The Golden State Warriors had a goal to sign some veteran players this offseason, but may have lost out on the chance to grab a former Los Angeles Lakers guard who ultimately landed in Boston.
Wes Goldberg of the Mercury News reported that the Warriors inquired about free agent Dennis Schroder, which would have required Golden State to use the $5.9 million taxpayer mid-level exception (TPMLE). The deal never came to fruition, leaving the Warriors short of an experienced veteran but still allowing them to keep some roster flexibility heading into the season.
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Schroder Picks Boston
As Brian Witt of NBC Sports Bay Area reported, it was not clear whether the Warriors offered Schroder the $5.9 million deal, which he ultimately ended up taking from the Celtics instead. The 27-year-old had been seen as a potential target for Golden State, a reliable guard who could anchor the second unit. Schroder averaged 15.4 points, 5.8 assists, 3.5 rebounds and 1.1 steals per game last season, starting all 61 games in which he played.
As Witt noted, Schroder’s decision to head to Boston means the Warriors could still use the TPMLE if they find the right target.
“Golden State currently has room for one more guaranteed contract, which almost certainly will be filled by a player on the minimum,” he wrote. “But should a player the Warriors deem worthy of the TPMLE — and the accompanying luxury tax payments — become available prior to the playoff push, they just might be glad they kept it in their back pocket.”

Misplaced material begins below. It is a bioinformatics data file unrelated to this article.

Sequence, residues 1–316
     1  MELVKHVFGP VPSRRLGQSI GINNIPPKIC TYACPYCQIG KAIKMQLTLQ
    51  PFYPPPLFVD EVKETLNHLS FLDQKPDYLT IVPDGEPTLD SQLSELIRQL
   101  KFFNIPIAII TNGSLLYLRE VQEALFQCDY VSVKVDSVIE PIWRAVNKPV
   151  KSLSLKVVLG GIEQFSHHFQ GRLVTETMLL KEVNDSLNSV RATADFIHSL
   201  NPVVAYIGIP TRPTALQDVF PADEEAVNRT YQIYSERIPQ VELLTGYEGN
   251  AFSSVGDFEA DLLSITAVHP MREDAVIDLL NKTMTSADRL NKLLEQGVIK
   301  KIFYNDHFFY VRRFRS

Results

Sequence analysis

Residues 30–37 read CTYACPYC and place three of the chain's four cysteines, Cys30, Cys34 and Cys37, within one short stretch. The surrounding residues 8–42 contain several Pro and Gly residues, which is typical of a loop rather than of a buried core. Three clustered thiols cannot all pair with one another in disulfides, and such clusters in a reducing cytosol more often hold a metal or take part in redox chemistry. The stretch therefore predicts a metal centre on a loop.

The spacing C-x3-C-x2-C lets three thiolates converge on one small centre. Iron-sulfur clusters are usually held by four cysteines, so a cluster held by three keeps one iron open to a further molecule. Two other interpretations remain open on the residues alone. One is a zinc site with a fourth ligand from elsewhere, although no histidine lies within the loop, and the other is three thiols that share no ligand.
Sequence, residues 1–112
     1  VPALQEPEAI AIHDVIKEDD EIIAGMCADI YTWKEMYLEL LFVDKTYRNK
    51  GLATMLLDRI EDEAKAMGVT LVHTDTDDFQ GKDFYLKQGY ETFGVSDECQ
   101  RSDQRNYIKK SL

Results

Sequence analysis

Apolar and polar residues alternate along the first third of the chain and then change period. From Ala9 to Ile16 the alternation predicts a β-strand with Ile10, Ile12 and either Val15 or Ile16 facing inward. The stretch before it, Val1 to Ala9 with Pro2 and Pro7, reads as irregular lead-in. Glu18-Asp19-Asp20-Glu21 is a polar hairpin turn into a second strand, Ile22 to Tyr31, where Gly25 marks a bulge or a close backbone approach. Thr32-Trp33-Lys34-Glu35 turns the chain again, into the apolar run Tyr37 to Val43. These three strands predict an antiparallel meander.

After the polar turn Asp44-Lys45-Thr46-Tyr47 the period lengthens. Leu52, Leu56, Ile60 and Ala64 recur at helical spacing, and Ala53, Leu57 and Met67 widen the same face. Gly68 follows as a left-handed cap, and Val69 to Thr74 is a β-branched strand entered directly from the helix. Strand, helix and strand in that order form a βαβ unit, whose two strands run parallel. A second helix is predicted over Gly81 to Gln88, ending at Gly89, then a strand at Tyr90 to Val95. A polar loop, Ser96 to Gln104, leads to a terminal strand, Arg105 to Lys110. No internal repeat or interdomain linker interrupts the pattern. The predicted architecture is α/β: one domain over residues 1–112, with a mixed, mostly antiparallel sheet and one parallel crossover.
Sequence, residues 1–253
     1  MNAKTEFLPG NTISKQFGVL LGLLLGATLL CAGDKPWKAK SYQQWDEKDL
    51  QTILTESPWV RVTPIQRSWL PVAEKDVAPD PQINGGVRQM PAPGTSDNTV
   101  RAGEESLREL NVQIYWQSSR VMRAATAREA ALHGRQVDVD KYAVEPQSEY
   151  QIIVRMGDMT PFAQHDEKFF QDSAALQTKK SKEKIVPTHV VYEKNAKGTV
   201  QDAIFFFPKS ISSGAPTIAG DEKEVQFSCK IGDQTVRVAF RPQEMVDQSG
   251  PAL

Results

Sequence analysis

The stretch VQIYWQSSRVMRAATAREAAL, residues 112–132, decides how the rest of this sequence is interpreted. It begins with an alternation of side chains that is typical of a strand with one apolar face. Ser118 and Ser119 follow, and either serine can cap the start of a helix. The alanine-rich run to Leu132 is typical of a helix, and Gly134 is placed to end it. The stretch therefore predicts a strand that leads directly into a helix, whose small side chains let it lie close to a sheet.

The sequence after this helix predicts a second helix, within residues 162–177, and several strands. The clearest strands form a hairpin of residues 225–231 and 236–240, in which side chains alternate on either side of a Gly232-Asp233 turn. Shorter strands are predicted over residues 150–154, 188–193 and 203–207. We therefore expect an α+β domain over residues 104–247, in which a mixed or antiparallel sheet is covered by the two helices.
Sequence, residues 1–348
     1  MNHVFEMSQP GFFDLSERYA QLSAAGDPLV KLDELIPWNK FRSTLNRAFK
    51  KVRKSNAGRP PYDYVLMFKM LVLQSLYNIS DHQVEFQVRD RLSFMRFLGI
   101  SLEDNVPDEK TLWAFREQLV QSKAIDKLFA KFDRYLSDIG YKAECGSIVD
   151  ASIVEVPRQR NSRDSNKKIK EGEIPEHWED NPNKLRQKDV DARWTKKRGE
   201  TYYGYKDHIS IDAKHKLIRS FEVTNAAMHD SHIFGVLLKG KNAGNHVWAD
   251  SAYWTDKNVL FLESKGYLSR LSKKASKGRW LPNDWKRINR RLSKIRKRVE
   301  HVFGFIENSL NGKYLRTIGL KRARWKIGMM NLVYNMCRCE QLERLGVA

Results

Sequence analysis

Warriors Add Some Veterans, Strike Out on Others
Warriors general manager Bob Myers said before the start of free agency that he wanted to add more veteran players, hoping that they would have more success than last season when some of their targets were scared away by the prospect of Klay Thompson missing the entire season.
“We need to add a couple guys,” Myers said during a July 30 post-draft press conference. “We need some veterans. I don’t know who that will be. We’ve got to find out if we can win a tie; if we offer somebody something, how do they feel about us? Like I said last year, I think we were close on some guys, but Klay’s injury, I don’t blame the players, they said, ‘Look, we’re going to go somewhere else.’ ”
Free agency got off to a rough start, with the Warriors losing out on veteran Nicolas Batum for the second straight offseason and the Lakers grabbing a number of the top veterans available. But Golden State was able to make some roster improvements, bringing back former NBA Finals MVP Andre Iguodala and reaching deals with Nemanja Bjelica and Otto Porter Jr.
The Warriors will also have an infusion of youth next season. Despite rumors that they were looking to package their two lottery picks together with young center James Wiseman to trade for an established star, Golden State ended up holding onto both of the picks, taking Jonathan Kuminga and Moses Moody. The rookies, along with Wiseman, all appear likely to play important roles in the Warriors rotation next season.